*195/95/256*64 kilobyte demo me and my colleages learnt something very important: never underestimate how slow a "int 2 float / float 2 int" data conversion can be. The problem came when debugging the software synthetizer made by Marc (aka Gortu). After several tests and profile sessions, we found something really atonishing: one of the bottlenecks of the synth was the noise generator. Our noise generator was basically creating an integer pseudo-random number (using the same congruent generator as VC implements for stdlib), then casting it to float and finally scaling it down to the [-1, 1] range. Here goes the original code:

float sfrand( int *seed )
{
seed[0] = 0x00269ec3 + seed[0]*0x000343fd;
int a = (seed[0] >> 16) & 32767;
return( -1.0f + (2.0f/32767.0f)*(float)a );
}

First of all, note how the function takes a seed as parameter. As you probably know the regular Ansi C rand() function doesn't take any argument, which really sucks a lot, cause you cannot use the function in a multithreaded environment, like a raytracer or a demo where both sound synthetizer and renderer need random numbers at the same time. So, I usually pass the seed as parameter. You can think of it as a "context" for the function: you should keep one for each thread, probably on the stack. Anyway.

Seems like the code is already quite simple and should run fast, right? However, as I said, the cast from int to float was simply killing performance. It's quite well known that the fild instrucction is quite slow, but we never expected it to be a boottleneck! That's the reason I started to experiment on creating a random number generator able to directly give random floats within the range of -1 to 1. The idea was really simple, and worked quite well: the first step was to create a 32 bit random bits integer (because a float is made of 32 bits also). Since the original algorithm of VC only gives 15 random bits, I made a fast investigation on the net to find that

seed[0] *= 16807;

was not only doing the job a lot better than

seed[0] = 0x00269ec3 + seed[0]*0x000343fd

but also faster. I just had to take care not to initalize the seed "mirand" to 0. In fact, the (16807,0) pair of values for the congruential random generator creates 32 random bits. So, the only thing I had to do was to interpret those 32 bit as a floating point value, and I should get a random float value, with no conversion at all!

But still a small issue remained - how to make sure that the floating point value would be in the [-1, 1] range? I tried tweaking the appropriate bits in the exponent of my float (according to IEEE 754 standard, that is used in PCs and Macintosh machines, have a look at http://en.wikipedia.org/wiki/IEEE_floating-point_standard). So I carefully selected the bits to be modified. Have a look below to the layout of the bits on the floating point format:

33 22 0
10 32 0
seee eeee efff ffff ffff ffff ffff ffff

where

s = sign bit

e = exponent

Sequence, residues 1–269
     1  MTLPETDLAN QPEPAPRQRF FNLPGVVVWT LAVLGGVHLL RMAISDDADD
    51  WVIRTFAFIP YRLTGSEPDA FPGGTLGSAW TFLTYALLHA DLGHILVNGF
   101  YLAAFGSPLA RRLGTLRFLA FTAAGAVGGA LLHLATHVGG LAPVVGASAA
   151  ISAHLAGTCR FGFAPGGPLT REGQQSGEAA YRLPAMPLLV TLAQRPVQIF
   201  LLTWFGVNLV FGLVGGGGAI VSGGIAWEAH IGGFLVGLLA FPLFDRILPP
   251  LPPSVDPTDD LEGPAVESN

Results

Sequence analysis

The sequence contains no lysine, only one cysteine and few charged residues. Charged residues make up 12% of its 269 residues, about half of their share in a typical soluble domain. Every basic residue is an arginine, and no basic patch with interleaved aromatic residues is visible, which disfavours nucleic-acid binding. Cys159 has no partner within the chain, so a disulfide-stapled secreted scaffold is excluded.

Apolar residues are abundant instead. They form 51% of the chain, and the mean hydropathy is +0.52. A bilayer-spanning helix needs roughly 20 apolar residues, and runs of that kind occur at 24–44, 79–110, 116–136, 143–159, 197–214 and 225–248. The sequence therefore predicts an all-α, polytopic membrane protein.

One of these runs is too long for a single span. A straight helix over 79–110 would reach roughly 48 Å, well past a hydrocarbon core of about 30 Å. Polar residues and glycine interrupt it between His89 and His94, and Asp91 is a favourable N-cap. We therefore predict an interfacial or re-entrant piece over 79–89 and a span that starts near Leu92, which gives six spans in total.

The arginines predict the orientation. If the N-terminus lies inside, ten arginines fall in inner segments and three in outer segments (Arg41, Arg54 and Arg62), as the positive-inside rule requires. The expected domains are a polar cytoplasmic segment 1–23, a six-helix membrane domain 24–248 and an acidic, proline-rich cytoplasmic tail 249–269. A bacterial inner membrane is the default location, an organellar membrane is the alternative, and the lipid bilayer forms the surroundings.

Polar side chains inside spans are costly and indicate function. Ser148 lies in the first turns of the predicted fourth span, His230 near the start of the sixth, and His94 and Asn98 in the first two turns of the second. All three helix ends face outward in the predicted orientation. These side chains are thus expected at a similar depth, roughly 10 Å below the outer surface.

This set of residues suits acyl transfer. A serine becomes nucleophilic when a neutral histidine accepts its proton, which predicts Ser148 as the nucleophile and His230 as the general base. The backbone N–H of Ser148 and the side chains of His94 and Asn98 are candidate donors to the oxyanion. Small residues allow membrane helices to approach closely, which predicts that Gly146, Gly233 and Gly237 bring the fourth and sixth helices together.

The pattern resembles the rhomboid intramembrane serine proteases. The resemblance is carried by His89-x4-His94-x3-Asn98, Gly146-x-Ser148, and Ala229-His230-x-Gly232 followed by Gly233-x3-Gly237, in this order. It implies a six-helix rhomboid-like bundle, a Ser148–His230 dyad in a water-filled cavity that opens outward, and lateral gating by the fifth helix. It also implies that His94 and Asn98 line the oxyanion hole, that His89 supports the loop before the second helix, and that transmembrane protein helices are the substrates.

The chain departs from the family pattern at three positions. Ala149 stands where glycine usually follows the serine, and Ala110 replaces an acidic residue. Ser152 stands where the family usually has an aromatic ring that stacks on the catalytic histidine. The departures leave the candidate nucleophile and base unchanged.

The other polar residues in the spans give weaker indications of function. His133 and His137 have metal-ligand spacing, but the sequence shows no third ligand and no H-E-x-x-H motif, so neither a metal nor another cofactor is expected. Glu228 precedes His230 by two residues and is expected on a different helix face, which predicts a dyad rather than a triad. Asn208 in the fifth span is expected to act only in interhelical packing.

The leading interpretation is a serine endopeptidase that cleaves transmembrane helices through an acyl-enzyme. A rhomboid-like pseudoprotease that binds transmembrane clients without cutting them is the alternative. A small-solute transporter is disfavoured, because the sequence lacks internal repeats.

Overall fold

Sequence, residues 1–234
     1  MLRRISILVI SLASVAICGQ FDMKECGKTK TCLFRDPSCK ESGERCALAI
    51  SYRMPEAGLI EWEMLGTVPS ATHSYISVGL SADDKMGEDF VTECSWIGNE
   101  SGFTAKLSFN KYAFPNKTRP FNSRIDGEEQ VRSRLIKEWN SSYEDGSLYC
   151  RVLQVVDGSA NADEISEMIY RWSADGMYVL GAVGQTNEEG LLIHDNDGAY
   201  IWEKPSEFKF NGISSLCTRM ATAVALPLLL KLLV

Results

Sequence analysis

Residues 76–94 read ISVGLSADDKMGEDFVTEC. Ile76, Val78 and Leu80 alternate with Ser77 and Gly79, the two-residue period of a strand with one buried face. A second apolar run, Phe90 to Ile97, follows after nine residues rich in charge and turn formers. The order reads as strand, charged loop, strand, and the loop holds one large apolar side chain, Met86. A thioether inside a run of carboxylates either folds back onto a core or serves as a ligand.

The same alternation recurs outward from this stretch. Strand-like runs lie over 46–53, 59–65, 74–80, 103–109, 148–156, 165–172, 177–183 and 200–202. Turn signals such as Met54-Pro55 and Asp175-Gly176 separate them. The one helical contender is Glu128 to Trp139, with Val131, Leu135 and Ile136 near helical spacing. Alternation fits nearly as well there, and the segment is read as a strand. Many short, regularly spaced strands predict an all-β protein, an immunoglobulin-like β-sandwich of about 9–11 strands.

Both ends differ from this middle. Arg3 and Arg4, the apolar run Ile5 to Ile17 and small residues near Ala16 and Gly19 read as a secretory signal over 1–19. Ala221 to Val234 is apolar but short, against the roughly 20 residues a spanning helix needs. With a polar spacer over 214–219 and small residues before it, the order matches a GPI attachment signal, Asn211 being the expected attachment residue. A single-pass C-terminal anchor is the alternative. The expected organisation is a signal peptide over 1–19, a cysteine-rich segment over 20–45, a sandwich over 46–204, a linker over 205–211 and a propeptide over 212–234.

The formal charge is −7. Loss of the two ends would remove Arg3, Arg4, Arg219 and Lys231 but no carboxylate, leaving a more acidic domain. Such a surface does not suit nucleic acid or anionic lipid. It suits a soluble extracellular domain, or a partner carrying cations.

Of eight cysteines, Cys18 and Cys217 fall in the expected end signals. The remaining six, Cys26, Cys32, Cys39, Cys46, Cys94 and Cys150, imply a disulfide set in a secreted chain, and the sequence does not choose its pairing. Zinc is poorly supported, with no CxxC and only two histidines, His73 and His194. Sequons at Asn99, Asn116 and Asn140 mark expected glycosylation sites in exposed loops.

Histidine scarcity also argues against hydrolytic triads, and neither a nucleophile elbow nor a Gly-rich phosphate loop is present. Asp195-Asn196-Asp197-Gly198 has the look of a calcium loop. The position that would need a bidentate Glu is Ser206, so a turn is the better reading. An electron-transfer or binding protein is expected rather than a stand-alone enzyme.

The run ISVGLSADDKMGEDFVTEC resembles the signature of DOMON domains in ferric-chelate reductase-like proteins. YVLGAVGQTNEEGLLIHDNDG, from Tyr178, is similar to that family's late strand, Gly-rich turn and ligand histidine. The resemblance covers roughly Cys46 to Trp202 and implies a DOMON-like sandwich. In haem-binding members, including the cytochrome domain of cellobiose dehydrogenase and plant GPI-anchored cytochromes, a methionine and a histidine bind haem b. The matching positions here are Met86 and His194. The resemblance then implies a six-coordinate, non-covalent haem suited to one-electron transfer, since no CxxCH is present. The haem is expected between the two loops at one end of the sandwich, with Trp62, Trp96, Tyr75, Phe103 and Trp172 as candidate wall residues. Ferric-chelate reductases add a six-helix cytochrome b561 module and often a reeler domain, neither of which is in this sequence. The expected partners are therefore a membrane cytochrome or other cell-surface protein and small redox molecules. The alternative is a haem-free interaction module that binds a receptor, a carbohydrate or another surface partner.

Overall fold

f = fractional part of the mantisa

value = s * 2^(e-127) * m, where m = 1.f, and thus 1<=m<2

The main idea is to realize that we already have a random fractional part, what means we have a random mantisa between 1 and 2. We could just fix our exponent to 127 and the sign bit to zero. That way I would get a random floating point number between 1 and 2. I could afterwards scale (by 2.0) and offset it (by -3.0) to make it fit in the segment [-1,1). But, I realized it can be done a bit better and avoid the scaling if I could directly generat a float random number between 2 and 4. For that to be happen, the only thing to do is to force the exponent to be 128, so that the output value is

value = s * 2 * m

That belongs to the range [2,4). So, first operation to do to the 32 randon bits is to mask the sign and exponent bits with

seee eeee efff ffff ffff ffff ffff ffff
0000 0000 0111 1111 1111 1111 1111 1111

or 0x007fffff in hexadecimal. Then just the exponent is set to 128 (10000000 in binary), with the next bit pattern

seee eeee efff ffff ffff ffff ffff ffff
0100 0000 0000 0000 0000 0000 0000 0000

or 0x40000000 in hexadecimal. So, finally, the complete signed floating point random generator looks like:

float sfrand( int *seed )
{
float res;
seed[0] *= 16807;
*((unsigned int *) &res) = ( ((unsigned int)seed[0])>>9 ) | 0x40000000;
return( res-3.0f );
}

Some compilers might complain about creating a pointer to an int data that points to a location reserved for a float. If that's the case, you can workaround it by using a union (thx Reinder Nijhoff for the suggestion). The code for a function that returns a random number between 0 and 1 would then look like this:

float frand( int *seed )
{
union
{
float fres;
unsigned int ires;
};
seed[0] *= 16807;
ires = ((((unsigned int)seed[0])>>9 ) | 0x3f800000);
return fres - 1.0f;
}

These two versions cannot be simpler and faster, perfect for a 4k or 64k intro! (well, some tricks can be done to this when translating to assembler, of course). I made some measures to test performance, and I got 4 times the performance of the old generator. Regarding the quality, this generator beats a normal integer random value with rand() and then scaling it as the original function shown here does. Remember this one generates 23 random bits instead of 15. I also checked the density distribution, and in fact I found it to be perfectly uniform, and quite better than the old version. So, what else can we ask to our improved random number generator?